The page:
A $29 million sex-abuse lawsuit against the Boy Scouts of America is in the hands of a jury after a lawyer for the victim closed the case by arguing the Scouts failed to act when they knew they had a serious problem.
In closing arguments, Kelly Clark said the organization had been keeping a list of Scout leaders and volunteers suspected of abuse since the 1920s but never came up with any system to improve screening, reporting or prevention.
Clark compared it to food poisoning, arguing that if Scouts were getting sick on a regular basis, something would have been done to prevent it.
But a lawyer for the Scouts, Chuck Smith, told the jury the organization relied on local Scout leaders and volunteers to take action because they were supervising the boys — not the national organization.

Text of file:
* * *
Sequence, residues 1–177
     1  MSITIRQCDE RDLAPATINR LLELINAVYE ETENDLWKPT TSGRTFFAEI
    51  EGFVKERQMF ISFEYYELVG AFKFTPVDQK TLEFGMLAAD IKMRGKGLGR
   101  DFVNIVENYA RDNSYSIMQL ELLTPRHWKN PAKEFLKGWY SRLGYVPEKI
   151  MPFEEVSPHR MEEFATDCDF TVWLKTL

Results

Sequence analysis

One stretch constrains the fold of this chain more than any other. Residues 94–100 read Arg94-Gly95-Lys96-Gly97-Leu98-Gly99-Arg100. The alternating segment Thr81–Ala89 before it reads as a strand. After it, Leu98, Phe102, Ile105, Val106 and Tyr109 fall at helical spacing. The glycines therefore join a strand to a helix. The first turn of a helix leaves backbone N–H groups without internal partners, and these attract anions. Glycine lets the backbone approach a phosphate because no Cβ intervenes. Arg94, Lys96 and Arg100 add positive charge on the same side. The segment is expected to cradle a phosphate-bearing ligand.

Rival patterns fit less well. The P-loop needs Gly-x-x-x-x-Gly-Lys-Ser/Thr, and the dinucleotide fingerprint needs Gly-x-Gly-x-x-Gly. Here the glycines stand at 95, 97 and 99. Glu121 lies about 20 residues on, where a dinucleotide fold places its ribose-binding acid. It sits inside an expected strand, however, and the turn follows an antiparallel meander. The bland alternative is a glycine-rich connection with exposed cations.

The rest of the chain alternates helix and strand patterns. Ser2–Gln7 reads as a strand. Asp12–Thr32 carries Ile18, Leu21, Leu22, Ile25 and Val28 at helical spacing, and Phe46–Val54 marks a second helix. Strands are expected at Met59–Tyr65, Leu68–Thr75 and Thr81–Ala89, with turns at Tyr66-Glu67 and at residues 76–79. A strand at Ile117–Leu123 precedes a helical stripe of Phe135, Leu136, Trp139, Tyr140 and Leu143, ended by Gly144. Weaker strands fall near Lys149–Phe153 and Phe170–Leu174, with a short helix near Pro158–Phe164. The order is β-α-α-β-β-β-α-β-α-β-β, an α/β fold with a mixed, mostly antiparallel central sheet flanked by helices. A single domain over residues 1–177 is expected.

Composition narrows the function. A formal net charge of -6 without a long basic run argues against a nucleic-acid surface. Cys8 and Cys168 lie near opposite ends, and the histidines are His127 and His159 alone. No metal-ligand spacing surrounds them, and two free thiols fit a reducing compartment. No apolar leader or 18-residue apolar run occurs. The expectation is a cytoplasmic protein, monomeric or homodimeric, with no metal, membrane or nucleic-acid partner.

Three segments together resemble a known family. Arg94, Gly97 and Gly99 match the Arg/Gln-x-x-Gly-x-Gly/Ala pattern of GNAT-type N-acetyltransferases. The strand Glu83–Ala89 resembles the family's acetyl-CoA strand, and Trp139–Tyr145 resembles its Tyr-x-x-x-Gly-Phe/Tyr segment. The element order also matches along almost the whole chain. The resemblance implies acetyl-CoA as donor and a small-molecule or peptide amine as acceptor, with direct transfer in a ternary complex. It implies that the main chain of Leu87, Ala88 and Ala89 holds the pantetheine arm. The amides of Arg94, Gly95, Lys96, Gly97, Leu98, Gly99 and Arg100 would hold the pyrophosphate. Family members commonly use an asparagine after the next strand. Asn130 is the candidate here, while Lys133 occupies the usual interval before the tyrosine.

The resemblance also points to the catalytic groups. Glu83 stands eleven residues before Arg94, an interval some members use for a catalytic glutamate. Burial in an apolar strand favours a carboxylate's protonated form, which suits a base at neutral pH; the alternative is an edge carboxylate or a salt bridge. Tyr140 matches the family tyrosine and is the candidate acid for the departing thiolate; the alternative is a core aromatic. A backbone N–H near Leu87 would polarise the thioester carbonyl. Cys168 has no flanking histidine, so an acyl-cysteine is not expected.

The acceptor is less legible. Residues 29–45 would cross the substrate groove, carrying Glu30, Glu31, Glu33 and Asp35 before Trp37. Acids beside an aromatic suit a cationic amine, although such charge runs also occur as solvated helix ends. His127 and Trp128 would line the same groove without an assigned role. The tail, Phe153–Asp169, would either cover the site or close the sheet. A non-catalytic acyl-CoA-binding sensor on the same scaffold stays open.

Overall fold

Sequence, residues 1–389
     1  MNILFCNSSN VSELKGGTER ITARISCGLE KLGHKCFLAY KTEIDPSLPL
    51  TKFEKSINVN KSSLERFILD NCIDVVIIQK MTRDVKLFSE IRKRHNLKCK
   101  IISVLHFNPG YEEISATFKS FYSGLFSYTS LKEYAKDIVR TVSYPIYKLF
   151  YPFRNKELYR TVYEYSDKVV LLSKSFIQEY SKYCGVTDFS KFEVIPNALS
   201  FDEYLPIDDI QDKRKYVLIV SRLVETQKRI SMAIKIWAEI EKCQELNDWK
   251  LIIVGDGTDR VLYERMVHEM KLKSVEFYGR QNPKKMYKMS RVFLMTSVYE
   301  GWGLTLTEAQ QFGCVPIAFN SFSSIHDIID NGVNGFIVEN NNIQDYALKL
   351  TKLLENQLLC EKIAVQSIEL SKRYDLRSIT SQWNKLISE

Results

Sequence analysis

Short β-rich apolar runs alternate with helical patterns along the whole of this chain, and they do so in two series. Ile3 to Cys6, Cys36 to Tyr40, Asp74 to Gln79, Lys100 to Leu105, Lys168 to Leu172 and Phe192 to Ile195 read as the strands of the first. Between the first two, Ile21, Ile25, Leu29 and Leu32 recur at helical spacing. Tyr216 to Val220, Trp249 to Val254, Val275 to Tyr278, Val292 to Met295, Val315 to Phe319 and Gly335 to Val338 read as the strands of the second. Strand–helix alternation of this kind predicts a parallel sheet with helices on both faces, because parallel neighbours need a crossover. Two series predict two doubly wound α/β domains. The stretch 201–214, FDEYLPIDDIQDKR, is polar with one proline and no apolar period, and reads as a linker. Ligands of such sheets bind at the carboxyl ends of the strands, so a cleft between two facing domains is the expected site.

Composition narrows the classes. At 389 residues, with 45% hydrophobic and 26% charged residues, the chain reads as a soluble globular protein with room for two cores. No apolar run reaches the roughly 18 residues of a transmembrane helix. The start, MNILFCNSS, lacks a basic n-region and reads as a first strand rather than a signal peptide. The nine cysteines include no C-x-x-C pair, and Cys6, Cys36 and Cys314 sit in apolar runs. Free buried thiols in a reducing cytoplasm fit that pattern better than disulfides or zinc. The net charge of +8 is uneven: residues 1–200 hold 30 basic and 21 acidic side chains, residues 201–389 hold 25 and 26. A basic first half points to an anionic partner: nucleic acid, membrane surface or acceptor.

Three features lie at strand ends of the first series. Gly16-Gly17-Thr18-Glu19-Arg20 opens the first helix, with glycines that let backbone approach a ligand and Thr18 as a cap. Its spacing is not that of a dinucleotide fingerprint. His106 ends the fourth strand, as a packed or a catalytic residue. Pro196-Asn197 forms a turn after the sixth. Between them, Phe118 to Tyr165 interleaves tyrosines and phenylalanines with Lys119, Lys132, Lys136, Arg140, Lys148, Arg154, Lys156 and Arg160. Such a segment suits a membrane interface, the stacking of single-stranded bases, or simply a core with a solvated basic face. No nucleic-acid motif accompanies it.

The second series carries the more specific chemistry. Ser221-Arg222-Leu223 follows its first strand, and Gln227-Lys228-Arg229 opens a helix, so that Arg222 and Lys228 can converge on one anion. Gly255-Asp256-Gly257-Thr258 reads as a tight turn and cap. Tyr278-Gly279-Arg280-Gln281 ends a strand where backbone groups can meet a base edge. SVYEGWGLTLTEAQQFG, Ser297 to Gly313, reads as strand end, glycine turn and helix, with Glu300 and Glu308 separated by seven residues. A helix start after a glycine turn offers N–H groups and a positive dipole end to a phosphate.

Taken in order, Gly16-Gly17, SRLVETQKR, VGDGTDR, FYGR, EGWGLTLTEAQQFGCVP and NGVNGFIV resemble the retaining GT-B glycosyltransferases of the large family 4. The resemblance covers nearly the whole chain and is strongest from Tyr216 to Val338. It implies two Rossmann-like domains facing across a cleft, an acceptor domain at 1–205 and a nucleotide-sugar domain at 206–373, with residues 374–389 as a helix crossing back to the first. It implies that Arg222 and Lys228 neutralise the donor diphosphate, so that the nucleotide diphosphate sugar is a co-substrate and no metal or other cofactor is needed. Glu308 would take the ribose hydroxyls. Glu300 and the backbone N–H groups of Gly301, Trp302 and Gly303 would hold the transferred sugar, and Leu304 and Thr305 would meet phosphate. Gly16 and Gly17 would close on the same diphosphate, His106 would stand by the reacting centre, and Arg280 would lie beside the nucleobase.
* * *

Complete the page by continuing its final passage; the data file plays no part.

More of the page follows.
A Portland man filed the suit against the Scouts and their Cascade Pacific Council, claiming they were negligent for failing to prevent abuse of Scouts. The victim, Kerry Lewis, now 38, has said his life has been ruined by abuse he suffered in 1983 and 1984, when he was just 10 and 11 years old. Lewis said he turned to drugs to deal with the abuse.
Assistant Scoutmaster Timur Dykes had previously admitted to a Mormon bishop , who was also a Scouting coordinator, that he has abused 17 other Boy Scouts. Yet his involvement with the Scouts continued.
Lewis' lawyers have introduced more than 1,000 files on Scout leaders or volunteers accused of abuse from 1965 to the middle of 1984 as part of the case.
The attorneys argue the secret files show the Boy Scouts knew about the problem but did nothing to protect boys over the years.
The Scouts say the files helped protect boys by weeding out suspected molesters.
The trial lasted three weeks and included testimony from several victims and various state and national Scout leaders.